Anita Rani: I wrote my memoir for 'those who can't speak'

Anita Rani is proud to have been on 'Strictly', but admits she would love to have won. (Getty Images)
Anita Rani (Getty Images)

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Anita Rani has spoken about the importance of writing her autobiography for the women of her mother's generation who 'can't speak for themselves'.

The Countryfile and Woman's Hour presenter spoke to Kate Thornton on White Wine Question Time about writing the book during lockdown and the impact it has had on her and her family.

She told Thornton: "Every culture of every family is different. But as a general rule, and I think this is across cultures, my dad had two younger brothers, and they both left home and married, they both married white women, and nobody batted an eyelid.

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"But my aunties and the women, it's like, if you step out of line, if you do anything other than what we tell you to do, then you are bringing great shame on the family.

"So you carry the burden as women as being the pride and the shame of the family. And nothing is ever talked about. Everything is a taboo. So I had to call all the s*** out because if you don't, then nothing changes.

LONDON, ENGLAND - APRIL 20: British TV presenter Anita Rani, wearing a limited-edition t-shirt created in collaboration with Charlie Mackesy featuring his beloved characters, the Boy and the Mole alongside the poignant slogan, Love Wins on April 20, 2020 in London, England. The t-shirt goes on sale for £15 and is available online at, with every pound going to charities on the front line of the coronavirus fight.  (Photo by Anita Rani - Comic Relief via Getty Images)
Anita Rani wearing a charity t-shirt (Photo by Anita Rani - Comic Relief via Getty Images)

"Nothing changes. And it's almost like I felt: 'Why have I been told that I can't say any of this stuff? Why am I, this liberated woman who's worked hard to get to where I am, I still feel the burden of this shame?' It's horrendous."

Her parents have not yet read the full book, but after the book had been previewed in a Sunday supplement, Rani spoke to her mother about her reaction.

Read more: Anita Rani speculates she would have made 'Strictly' final 'if I didn't have a brown face'

She said: "I phoned my mum and she was in tears. She was crying and saying: 'I'm just so sorry.'

"I'd had a conversation with my mum. I talked to my mum throughout writing the book saying that I'm going to go there.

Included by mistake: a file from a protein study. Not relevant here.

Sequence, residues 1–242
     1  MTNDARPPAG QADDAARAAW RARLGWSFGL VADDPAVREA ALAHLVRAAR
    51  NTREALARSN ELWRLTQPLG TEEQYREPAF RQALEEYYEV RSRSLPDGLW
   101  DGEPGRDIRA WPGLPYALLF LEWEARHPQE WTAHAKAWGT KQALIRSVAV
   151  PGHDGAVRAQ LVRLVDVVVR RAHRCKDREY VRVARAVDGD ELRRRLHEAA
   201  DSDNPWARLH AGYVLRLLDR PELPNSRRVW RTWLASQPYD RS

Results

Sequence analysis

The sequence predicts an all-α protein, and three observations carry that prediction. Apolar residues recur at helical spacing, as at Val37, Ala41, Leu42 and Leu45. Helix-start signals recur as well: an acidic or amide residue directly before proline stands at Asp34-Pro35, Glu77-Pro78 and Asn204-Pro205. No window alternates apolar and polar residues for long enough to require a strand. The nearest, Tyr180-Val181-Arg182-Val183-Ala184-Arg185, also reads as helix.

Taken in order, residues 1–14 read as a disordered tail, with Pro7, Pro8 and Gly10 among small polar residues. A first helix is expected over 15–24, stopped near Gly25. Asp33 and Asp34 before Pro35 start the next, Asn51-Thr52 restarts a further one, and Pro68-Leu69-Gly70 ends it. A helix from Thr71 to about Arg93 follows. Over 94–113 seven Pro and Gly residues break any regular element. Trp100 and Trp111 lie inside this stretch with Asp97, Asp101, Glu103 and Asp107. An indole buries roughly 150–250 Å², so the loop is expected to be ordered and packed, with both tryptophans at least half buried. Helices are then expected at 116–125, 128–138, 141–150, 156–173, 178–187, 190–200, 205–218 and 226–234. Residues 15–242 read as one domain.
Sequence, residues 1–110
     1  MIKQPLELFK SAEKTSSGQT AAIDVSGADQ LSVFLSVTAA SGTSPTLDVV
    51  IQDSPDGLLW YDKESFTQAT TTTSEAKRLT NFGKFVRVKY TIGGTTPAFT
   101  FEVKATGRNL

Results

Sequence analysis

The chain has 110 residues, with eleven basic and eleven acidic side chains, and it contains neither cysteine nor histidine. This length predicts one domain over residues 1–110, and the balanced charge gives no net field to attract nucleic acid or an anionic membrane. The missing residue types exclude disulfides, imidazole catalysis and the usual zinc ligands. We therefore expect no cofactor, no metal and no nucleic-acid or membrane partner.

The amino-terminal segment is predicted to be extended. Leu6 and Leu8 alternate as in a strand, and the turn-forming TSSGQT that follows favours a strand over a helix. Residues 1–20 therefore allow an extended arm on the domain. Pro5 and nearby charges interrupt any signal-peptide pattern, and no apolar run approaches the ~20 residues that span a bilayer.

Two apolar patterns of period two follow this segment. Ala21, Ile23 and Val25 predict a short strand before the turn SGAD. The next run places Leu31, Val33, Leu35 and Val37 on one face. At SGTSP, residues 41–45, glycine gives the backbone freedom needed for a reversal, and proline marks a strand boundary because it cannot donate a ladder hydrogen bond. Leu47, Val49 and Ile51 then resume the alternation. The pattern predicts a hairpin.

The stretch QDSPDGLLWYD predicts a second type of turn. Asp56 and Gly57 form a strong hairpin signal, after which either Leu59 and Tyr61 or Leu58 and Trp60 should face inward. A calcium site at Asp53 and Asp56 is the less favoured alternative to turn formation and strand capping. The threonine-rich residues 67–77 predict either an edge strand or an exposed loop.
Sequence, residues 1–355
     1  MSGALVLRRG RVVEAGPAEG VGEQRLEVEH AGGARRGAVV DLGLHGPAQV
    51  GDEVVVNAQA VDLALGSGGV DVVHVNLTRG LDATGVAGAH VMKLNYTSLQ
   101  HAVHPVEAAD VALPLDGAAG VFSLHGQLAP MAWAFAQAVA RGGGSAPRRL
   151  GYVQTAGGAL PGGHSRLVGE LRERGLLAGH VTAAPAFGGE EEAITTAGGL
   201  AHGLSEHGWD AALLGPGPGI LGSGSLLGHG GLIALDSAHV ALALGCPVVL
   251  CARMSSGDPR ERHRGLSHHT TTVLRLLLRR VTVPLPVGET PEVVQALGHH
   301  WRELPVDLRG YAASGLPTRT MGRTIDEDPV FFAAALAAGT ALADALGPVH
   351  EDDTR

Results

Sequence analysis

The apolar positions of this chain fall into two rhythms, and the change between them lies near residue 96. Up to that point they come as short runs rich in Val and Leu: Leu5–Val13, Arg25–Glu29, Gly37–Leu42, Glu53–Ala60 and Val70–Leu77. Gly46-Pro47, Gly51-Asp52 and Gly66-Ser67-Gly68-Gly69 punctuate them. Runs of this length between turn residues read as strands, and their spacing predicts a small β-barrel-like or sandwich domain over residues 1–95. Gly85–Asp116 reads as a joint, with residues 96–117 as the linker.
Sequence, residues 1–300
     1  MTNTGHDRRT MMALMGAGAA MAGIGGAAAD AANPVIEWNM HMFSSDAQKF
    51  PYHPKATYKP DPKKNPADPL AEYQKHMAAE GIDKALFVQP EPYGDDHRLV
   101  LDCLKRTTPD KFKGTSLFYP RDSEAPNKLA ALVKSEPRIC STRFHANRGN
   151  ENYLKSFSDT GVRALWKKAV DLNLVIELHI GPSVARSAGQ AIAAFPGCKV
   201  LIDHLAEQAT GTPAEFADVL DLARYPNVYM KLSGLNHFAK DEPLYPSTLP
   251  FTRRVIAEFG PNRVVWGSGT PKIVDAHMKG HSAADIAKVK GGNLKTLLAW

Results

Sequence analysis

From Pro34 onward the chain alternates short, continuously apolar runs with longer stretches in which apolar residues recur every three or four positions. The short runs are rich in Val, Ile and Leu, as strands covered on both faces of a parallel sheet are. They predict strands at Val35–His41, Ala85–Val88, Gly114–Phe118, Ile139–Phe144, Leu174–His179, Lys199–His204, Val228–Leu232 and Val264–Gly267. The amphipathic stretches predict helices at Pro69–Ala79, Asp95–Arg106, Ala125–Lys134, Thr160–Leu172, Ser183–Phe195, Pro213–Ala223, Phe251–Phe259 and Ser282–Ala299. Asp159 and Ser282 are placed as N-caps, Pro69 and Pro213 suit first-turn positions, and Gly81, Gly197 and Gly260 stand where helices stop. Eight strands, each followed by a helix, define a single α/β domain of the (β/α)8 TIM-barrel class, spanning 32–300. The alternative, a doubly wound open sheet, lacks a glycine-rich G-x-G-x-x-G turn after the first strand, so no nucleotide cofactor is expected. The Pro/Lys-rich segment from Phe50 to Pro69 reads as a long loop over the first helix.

Saved by a Stranger, presented by Anita Rani (Blink Films/Toby Trackman)
Saved by a Stranger, presented by Anita Rani (Blink Films/Toby Trackman)

"I'm going to say things, I'm going to talk about things and she said: 'I want you to get it off your chest. And I want you to say what I got wrong because I didn't know any better.'

"And then she said: 'I want you to speak for me because I was never able to. Because as a generation there's so many of us who can't speak for ourselves, so be our voice.'

"And she was in floods of tears. And then I felt really bad. I thought: 'Oh God, this is just a magazine interview what's she's gonna do [when she reads the whole book]?'"

Listen to the full episode and hear Anita Rani talk about how she met her husband, what music means to her, and the importance of calling out racism

The presenter, who appeared on Strictly Come Dancing in 2015, talked to Thornton about what made her write The Right Sort Of Girl when she did.

She said: "I made a programme about my family history. I got to make my Who Do You Think You Are, which is such an amazing thing to have happened.

"And I heard stories about women in my family, what happened to them during the partition of India, what happened to women generally. And it really connected with something deep inside me, you know that I come from this long line of women who are incredibly powerful and like warriors, but also had no choice or say about anything in their lives.

"And it really got triggered me and got me thinking about my upbringing, then the pandemic happens. So we're all being insular, we've all gone internal. More of us are sitting around thinking about our lives. And I get the opportunity to write a memoir.

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"And it's like therapy. All I can say is it just felt like this stuff had to come out of me. And I'm writing it for my 16-year-old self. I'm writing it to explain about my experience, obviously, but like the migrant experience, and what it means to be a South Asian woman growing up in two cultures, and how you do have to shape shift and bend.

LONDON, ENGLAND - OCTOBER 28: Anita Rani attends Pride Of Britain Awards 2019 at The Grosvenor House Hotel on October 28, 2019 in London, England. (Photo by Jeff Spicer/Getty Images)
Anita Rani attends the Pride Of Britain Awards 2019 at The Grosvenor House Hotel in October 2019. Photo by Jeff Spicer/Getty Images

"And think about everybody else, and the pressures that are put on us from within our own families. And then when we step out of the front door... Speak or explode, I use the pressure cooker [comparison], because every Indian mother has a bloody pressure cooker. And they're terrifying. And when they go they go!

"Already I'm getting people messaging me to say on Instagram to say, you know, well done for speaking our truth."

Buy it: The Right Sort of Girl by Anita Rani | £11.59 Was £16.99) from Amazon

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Anyone affected by the issues raised in this story can read more get support on the Mind website.